THE GOVERNMENT’S DEVELOPMENT STRATEGY IMPOSED OBSTACLES ON ENTREPRENEURS
Under the Import substituting industrialization (ISI) development strategy, State-owned enterprises expanded but new businesses were pushed out of the formal economy.
Labor laws made it costly for companies to hire or fire workers
High interest rates and barriers to borrowing blocked market entry for entrepreneurial Brazilians.
Brazil had a long time relying on aggressive growth which fueled import consumption and to a large extent worsened Brazil’s balance-of-payments, while government debt ballooned.
RED TAPE AND POOR INFRASTRUCTURE
Brazil’s infrastructure is in terrible shape and the country isn’t saving and investing enough. Red tape and poor infrastructure made it difficult for Brazilians to start companies.
LOW-QUALITY TRANSPORTATION SYSTEM
In 2011, Brazil still transported many agricultural exports distances of 1,500 kilometers or more on low-quality roads in order to arrive at ports with backlogs and ineffective logistics. The World Economic Forum’s “quality of roads index” ranked Brazil 105th out of 139 countries.
THE QUALITY OF EDUCATION REMAINED LOW
Brazil’s students ranked near the bottom in the Organization for Economic Coordination and Development’s Program for International Student Assessment.
COMPLEX DIPLOMATIC RELATIONSHIPS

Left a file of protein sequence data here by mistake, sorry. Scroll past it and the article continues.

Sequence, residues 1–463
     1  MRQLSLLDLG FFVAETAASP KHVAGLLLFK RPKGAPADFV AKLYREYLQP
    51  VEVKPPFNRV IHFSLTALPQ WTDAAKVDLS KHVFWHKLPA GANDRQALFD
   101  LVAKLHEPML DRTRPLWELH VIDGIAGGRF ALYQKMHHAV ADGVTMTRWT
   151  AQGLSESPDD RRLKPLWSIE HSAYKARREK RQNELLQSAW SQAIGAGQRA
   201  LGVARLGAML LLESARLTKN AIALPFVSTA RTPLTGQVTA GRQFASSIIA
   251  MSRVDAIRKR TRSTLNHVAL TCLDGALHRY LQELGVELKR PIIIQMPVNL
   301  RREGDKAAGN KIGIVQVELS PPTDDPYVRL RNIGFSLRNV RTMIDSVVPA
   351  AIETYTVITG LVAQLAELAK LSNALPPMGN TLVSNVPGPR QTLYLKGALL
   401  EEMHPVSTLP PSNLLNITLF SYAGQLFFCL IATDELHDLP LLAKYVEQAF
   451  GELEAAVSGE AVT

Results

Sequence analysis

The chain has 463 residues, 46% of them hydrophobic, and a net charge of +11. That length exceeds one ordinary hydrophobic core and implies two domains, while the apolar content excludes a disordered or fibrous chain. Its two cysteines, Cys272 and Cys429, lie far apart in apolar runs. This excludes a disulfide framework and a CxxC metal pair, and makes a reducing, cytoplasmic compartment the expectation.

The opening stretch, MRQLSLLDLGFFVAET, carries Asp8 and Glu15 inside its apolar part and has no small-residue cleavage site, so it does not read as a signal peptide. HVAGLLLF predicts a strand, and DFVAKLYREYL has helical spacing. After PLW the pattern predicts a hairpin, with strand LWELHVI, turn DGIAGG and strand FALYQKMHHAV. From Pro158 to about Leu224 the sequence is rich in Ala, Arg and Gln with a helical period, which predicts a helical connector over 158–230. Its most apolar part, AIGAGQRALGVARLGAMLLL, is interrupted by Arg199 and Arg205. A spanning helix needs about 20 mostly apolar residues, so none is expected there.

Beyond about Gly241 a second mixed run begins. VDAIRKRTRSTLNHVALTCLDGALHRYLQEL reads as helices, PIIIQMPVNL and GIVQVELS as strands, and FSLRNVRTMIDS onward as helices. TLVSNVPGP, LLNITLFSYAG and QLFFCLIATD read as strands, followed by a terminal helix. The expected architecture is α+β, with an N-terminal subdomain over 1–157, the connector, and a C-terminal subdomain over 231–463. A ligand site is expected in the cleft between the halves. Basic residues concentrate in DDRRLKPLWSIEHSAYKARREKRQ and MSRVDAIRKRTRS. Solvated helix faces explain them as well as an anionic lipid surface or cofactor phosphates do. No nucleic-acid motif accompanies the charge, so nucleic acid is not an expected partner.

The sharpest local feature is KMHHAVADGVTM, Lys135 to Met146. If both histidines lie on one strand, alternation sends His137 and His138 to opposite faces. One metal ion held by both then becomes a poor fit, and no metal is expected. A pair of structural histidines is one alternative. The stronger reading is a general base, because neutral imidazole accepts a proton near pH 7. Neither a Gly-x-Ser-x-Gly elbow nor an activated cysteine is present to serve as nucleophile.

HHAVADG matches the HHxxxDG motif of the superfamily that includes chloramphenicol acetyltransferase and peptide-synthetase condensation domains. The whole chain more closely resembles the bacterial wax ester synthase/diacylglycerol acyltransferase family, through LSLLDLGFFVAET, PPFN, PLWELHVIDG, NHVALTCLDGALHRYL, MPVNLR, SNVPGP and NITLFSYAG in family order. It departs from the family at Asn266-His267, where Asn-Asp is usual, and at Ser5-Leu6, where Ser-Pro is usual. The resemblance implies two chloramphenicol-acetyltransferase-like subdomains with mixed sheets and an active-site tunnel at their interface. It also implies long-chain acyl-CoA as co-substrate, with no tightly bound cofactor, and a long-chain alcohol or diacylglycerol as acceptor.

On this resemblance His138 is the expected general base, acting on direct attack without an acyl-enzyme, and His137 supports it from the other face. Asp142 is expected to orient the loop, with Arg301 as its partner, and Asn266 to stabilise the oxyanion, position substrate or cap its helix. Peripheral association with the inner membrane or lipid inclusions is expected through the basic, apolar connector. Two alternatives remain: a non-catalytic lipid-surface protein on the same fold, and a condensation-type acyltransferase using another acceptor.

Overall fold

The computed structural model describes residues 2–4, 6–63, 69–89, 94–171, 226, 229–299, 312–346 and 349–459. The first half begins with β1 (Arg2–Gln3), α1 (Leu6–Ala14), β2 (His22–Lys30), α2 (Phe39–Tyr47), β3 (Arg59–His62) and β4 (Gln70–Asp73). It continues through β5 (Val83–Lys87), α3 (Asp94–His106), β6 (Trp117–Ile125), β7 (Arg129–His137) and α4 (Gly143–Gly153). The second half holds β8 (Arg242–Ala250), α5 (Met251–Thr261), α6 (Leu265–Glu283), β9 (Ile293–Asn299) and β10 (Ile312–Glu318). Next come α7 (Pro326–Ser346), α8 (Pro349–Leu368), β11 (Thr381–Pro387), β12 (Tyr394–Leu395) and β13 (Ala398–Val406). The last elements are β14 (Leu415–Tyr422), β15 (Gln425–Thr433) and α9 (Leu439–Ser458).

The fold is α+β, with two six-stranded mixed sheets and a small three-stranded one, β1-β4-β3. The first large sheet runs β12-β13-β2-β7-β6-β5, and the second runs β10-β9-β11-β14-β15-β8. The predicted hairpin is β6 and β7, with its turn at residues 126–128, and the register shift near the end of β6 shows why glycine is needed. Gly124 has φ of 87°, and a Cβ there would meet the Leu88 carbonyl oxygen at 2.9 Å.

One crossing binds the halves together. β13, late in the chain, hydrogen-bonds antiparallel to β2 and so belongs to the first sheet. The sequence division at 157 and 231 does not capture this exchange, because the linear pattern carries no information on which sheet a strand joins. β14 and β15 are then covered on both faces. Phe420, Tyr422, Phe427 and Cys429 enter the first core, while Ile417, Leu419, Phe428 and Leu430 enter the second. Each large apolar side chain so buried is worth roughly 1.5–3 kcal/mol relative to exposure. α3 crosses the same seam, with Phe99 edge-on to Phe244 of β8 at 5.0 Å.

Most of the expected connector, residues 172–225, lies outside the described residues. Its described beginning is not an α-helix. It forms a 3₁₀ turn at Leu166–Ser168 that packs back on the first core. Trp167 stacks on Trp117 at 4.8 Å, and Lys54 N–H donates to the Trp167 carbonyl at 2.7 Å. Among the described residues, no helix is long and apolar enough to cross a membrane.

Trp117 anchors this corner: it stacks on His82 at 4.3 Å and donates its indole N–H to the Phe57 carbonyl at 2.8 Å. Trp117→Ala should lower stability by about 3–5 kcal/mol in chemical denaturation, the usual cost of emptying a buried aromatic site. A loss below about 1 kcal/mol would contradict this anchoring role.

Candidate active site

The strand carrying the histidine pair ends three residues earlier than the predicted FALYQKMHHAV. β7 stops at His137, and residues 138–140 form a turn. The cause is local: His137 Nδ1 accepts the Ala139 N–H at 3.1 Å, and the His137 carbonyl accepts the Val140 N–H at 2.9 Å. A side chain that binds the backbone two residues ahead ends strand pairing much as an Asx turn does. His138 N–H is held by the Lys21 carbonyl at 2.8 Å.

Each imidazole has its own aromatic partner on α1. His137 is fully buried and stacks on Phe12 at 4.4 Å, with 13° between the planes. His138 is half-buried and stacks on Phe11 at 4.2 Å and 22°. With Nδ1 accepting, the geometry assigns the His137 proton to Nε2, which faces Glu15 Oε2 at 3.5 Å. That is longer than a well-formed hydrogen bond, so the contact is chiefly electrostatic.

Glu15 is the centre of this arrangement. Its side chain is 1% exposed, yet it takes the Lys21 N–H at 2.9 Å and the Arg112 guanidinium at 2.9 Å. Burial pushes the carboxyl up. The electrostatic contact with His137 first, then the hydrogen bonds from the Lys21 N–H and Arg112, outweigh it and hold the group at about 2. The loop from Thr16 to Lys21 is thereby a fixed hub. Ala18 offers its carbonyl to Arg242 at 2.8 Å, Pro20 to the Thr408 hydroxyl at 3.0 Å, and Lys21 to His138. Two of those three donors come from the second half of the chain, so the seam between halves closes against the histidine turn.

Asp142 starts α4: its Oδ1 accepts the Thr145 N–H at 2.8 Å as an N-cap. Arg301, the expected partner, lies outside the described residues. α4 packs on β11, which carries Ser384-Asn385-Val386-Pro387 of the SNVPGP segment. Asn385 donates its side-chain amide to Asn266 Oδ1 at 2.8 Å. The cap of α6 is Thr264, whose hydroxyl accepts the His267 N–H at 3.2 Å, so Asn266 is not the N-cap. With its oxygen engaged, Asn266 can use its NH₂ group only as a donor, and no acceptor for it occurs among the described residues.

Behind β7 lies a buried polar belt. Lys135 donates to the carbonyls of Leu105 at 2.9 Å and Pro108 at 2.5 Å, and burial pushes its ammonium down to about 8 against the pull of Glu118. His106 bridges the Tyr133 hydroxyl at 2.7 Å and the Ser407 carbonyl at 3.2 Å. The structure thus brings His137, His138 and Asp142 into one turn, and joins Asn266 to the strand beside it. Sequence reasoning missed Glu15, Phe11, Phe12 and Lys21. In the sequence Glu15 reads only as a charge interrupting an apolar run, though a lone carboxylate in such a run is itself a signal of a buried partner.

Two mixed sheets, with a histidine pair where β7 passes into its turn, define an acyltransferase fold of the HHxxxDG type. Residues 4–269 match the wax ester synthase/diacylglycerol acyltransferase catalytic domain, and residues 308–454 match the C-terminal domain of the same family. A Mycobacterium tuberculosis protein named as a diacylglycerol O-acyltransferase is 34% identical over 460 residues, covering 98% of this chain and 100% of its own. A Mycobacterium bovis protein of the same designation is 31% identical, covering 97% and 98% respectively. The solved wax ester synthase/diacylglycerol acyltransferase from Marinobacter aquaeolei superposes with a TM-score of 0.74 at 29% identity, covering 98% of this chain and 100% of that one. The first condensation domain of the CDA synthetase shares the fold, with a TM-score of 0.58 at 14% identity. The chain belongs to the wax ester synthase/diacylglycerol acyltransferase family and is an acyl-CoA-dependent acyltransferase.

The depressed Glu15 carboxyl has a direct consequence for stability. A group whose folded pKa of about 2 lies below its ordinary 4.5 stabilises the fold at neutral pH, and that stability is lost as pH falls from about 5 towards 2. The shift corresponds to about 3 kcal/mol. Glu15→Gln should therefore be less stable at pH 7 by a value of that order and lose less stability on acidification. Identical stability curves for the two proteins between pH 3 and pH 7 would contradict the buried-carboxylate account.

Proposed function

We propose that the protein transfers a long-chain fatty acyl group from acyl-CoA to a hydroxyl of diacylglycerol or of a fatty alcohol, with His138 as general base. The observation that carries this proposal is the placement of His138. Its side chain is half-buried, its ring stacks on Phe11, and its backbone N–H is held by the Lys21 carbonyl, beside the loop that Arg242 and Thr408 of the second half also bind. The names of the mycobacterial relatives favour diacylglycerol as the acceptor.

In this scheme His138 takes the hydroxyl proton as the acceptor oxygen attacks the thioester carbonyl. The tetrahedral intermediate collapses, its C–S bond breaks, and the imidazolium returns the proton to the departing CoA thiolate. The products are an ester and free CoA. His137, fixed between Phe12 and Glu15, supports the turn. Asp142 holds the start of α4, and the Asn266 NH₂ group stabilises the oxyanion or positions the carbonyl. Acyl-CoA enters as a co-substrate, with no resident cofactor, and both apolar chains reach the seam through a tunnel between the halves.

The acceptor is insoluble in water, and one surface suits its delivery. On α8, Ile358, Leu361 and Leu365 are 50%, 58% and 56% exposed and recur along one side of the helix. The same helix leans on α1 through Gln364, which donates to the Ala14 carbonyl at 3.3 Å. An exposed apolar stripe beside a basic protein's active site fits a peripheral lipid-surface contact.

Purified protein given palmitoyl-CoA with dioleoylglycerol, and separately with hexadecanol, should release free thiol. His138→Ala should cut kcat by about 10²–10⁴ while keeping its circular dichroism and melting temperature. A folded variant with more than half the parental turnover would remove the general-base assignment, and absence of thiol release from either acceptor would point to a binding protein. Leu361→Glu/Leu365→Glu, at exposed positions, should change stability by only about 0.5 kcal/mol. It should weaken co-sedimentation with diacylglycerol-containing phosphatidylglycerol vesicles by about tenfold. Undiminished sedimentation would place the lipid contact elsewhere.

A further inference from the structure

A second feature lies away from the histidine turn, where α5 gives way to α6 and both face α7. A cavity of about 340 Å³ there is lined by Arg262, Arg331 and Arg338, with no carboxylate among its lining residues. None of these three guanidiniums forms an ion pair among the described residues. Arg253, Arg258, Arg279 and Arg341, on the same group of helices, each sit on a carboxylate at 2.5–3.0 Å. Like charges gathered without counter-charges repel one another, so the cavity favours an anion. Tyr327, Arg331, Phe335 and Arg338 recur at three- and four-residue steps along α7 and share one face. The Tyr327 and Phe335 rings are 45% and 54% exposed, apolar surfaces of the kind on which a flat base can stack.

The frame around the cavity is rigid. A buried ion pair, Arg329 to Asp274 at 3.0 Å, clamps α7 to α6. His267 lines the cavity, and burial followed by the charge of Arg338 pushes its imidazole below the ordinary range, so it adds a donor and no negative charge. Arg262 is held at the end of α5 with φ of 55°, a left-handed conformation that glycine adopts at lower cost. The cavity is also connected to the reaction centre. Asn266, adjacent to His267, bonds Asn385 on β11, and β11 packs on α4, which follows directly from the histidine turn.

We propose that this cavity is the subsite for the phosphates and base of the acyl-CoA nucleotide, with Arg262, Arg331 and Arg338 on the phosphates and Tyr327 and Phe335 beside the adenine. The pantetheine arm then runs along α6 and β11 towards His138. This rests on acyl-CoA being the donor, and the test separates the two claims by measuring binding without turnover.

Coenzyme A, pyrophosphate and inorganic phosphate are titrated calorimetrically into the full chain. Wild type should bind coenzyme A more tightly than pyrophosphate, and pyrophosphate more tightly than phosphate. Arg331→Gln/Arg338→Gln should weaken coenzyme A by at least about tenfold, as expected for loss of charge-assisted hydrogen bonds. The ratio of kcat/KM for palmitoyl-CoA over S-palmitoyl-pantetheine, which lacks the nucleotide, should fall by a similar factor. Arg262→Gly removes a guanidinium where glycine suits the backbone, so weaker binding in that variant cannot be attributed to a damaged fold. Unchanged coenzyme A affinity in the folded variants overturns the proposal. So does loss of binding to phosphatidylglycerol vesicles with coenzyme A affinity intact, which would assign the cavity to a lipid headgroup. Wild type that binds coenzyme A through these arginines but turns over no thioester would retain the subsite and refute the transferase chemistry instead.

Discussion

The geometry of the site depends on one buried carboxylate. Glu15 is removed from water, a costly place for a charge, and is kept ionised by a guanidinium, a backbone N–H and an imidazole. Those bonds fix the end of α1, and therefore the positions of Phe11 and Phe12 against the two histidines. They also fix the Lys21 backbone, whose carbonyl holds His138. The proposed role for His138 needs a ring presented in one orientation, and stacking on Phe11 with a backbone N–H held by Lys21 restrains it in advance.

Brazil’s success in World Trade Organization dispute, use of compulsory licensing provisions to break patents, and diplomatic negotiations with Iran had generated tensions with the United States and the European Union.
In Africa, Brazil found itself competing with China for development projects and political influence.
(2) Was Brazil or the U.S. correct in the Merck dispute? Please explain and defend your position.
THE MANUFACTURING COST OF THE EFAVIRENZ WAS VERY HIGH.
The combination of prescription drugs that made up the HAART approach historically cost more than $15,000 per patient annually in the United States. The high price in the home country already showed that the relevant R&D, manufacturing cost was very high, let alone the other extra cost for selling in a foreign destination.
BRAZIL THREATENED A COMPULSORY LICENSE TO FORCE PHARMACEUTICAL FIRMS COMPROMISE ON THE PRICE.
In 2005, Abbott Pharmaceuticals made a compromise deal because Brazil’s health minister threatened a compulsory license. Brazil governments saw it an effective way of pushing the pharmaceutical firms to compromise, so they started to make the same step towards other pharmaceutical firms. What they considered was their own benefit but did not carefully rethink whether it was inappropriate.
MERCK OFFERED MODEST DISCOUNTS AND SOON AFTER LOWERED THEIR PRICE AGAIN BUT BRAZILIAN OFFICIALS DID NOT STOP AND INSTEAD DEMAND MORE.
Brazilian officials intensified negotiations with Merck after they received discounts from the company in 2005. Over the course of 16 official meetings, Merck lowered its price again to $570 per patient per year. Brazilian health and trade officials demanded better, citing generic suppliers ready to provide the drug at $240 per patient per year.